The arrival of the Tour of Britain in the north-east could inject more than £2 million into the north-east economy in a single day, organisers have claimed.
In September the final stage of the event – Britain’s top cycle race, featuring stars of the sport from all over the world – will end with a sprint on Aberdeen’s Esplanade after winding its way 173 kilometres through Aberdeenshire from Stonehaven.
The north-east will also host the opening stage of the 2022 event.
Race bosses say there is potential for a huge windfall from the day of the event alone, providing businesses with a much-needed boost after a year and a half of Covid-19 restrictions.
In the last edition of the race, which was held in 2019, the stage from Glasgow to Kirkcudbright generated more than £2 million per day for the south-west economy.
Sweetspot, the firm which organises the tour and which has held three editions of the successful Tour Series events in Aberdeen, believes the impact on the north-east could be even greater.
And with the event being beamed to millions around the world on television, there is also the potential for it to attract fresh visitors to the north-east.
Tour is ‘advert for north-east’
“With the TV coverage, you effectively have a four or five-hour commercial for Aberdeen and Aberdeenshire,” the tour’s marketing director Peter Hodges said.
“There will be people watching around the world who may never have been to the north-east of Scotland before, and many of them will decide to go there after seeing it.
“Cycling is essentially a postcard for the whole area. Other sports are confined to stadiums whereas the Tour of Britain travels right through the whole of Aberdeen and Aberdeenshire.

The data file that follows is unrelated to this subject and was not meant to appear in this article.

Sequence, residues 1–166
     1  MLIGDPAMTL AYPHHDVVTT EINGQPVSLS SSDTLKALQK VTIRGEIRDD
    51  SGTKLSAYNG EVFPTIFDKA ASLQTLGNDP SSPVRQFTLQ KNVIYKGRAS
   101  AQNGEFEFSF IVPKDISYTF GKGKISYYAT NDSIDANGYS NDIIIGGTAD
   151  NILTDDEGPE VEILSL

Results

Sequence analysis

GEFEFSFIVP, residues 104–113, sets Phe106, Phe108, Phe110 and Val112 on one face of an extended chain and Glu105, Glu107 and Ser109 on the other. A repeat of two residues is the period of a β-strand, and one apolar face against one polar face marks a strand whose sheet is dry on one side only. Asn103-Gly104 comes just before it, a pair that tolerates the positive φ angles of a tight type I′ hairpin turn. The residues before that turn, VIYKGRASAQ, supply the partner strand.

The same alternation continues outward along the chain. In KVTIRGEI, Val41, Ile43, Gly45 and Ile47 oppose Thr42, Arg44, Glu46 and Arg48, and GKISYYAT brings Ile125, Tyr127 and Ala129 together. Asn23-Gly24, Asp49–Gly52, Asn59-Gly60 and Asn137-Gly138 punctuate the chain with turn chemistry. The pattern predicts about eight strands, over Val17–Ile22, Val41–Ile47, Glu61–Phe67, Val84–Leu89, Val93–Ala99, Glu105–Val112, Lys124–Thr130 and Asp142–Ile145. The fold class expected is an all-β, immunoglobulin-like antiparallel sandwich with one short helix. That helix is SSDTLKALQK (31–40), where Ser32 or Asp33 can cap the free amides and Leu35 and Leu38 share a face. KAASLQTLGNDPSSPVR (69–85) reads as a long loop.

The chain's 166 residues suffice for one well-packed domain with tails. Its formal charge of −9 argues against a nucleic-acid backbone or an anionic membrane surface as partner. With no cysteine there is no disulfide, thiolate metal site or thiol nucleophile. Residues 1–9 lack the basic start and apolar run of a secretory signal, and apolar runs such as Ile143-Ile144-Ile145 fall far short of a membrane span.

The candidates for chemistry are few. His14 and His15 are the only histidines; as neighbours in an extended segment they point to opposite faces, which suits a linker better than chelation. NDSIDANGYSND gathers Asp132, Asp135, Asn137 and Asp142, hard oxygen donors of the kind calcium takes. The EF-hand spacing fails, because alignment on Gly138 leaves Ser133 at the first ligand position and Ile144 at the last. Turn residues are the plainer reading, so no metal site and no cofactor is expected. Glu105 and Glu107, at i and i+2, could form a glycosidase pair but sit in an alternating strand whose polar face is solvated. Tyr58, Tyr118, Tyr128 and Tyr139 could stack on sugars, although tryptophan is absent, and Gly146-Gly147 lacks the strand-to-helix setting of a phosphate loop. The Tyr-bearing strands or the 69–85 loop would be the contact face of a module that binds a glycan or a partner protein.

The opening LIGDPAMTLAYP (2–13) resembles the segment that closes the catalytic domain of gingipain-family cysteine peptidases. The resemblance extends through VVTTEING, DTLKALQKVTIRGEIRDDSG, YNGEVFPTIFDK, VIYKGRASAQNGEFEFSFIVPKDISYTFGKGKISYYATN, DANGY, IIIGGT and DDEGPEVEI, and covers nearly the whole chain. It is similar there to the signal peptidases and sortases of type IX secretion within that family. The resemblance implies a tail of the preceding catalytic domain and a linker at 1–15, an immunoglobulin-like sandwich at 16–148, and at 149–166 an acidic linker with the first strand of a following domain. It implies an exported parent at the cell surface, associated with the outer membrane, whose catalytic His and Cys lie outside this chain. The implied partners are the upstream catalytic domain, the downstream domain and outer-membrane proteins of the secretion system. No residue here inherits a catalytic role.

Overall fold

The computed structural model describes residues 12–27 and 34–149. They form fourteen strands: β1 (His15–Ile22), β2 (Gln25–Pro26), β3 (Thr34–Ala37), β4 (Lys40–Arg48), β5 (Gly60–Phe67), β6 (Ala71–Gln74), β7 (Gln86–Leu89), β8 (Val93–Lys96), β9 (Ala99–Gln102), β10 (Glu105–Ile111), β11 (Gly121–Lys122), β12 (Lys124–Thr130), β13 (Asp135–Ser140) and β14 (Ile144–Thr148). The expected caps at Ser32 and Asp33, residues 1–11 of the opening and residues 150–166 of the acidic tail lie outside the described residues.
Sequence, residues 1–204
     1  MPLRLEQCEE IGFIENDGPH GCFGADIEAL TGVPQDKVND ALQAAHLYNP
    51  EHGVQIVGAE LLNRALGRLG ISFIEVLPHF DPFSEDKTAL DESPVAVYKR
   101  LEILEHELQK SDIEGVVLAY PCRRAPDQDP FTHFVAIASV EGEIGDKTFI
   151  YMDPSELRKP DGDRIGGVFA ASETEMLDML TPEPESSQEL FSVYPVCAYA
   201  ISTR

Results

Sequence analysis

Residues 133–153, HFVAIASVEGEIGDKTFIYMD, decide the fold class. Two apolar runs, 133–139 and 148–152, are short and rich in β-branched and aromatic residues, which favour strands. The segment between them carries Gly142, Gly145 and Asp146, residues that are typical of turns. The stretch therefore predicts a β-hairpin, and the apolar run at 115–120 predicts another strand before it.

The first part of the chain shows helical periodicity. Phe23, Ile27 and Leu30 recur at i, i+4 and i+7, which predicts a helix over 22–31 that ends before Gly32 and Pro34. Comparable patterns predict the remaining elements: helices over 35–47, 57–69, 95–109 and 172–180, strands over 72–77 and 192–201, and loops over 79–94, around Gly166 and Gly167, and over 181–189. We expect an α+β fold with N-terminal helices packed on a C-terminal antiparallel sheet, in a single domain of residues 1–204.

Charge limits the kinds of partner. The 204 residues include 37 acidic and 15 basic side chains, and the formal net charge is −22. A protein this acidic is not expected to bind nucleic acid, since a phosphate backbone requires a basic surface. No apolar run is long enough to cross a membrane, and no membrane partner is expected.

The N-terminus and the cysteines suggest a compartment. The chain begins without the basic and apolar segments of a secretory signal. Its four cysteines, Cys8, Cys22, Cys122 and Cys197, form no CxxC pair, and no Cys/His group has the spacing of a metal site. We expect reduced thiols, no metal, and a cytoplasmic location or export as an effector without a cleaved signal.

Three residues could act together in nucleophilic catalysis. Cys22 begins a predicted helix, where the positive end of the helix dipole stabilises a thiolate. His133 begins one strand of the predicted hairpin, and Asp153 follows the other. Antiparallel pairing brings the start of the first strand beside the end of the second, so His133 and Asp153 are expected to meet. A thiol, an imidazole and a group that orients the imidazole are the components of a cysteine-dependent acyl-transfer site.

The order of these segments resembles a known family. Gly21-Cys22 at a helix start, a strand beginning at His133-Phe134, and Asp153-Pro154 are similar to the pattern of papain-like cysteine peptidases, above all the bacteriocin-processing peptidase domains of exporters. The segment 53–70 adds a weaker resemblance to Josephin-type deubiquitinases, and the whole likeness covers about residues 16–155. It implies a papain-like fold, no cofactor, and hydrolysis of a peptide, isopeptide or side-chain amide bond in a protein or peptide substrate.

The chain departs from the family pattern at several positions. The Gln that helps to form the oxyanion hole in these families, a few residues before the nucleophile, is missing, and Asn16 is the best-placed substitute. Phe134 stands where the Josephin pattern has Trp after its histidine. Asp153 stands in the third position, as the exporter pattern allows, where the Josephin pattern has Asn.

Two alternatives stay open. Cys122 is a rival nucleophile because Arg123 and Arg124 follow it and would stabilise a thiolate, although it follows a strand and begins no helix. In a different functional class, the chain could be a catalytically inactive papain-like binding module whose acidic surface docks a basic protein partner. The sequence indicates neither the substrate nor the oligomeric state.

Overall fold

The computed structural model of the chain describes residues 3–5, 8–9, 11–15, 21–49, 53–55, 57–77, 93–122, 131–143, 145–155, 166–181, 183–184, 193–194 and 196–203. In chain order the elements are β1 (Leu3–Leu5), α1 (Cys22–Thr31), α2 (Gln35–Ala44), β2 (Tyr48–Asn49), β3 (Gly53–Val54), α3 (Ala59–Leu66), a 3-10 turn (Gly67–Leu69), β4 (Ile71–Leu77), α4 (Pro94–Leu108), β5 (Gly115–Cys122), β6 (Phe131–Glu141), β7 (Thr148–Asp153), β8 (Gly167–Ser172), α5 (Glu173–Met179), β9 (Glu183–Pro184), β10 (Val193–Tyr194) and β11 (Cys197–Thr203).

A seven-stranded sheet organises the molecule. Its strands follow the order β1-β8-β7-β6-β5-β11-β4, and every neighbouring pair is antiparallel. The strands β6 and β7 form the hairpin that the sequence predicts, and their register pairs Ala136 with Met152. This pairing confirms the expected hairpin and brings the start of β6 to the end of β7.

“It is unique because there is no other sporting event which shows off an entire region.
“The day itself will bring people into both areas. There are huge economic benefits to hosting a stage of the tour – it has a huge impact on local businesses because lots of people who wouldn’t normally be there are visiting on the day.”
The racing will begin in Stonehaven before taking in Fettercairn, Cairn O’Mount, Strachan, Ballater, Tarland and Castle Fraser before finishing in front of Aberdeen’s iconic Beach Ballroom.
Along the way large crowds are expected to line the route – particularly in Stonehaven, host of the start of the stage.
In the town there are hopes the event will provide a welcome and lasting boon for businesses, especially in hospitality, which have been hit hard by the pandemic.
Race ‘like another day of Fireballs’
“There is going to be a massive focus on the town,” said Sheila Howarth of the Stonehaven Business Association.
“Events like the Tour of Britain give people a chance to see what there is to do in the area.
“If we can encourage tourism it will be fantastic for the town.
“People will come to Stonehaven and spend money, which will be so important. That could be the difference between some of our businesses making it through the winter and not, because with the coronavirus restrictions we have lost most of the summer.
“It has a massive impact. This has the potential to be like an extra day of the Fireballs.
“The whole thing will be brilliant for the local economy.”
Event can attract cyclists
Local tourism body VisitAberdeenshire is hopeful the north-east will become a haven for cyclists looking to emulate the world’s best in years to come.
“We’re proud to welcome some of the best cyclists in the world to the roads of Aberdeen and Aberdeenshire as the Tour of Britain event comes to an exciting end,” VisitAberdeenshire chief executive Chris Foy said.
“No doubt the spectacular route from Stonehaven to Aberdeen will inspire cyclists watching on television to venture north to take on our iconic climbs and enjoy our renowned hospitality.”